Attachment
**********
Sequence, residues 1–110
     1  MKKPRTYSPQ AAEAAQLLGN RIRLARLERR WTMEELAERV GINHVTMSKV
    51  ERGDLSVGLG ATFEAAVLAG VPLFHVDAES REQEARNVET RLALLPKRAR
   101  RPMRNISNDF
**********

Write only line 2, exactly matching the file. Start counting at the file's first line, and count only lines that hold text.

     1  MKKPRTYSPQ AAEAAQLLGN RIRLARLERR WTMEELAERV GINHVTMSKV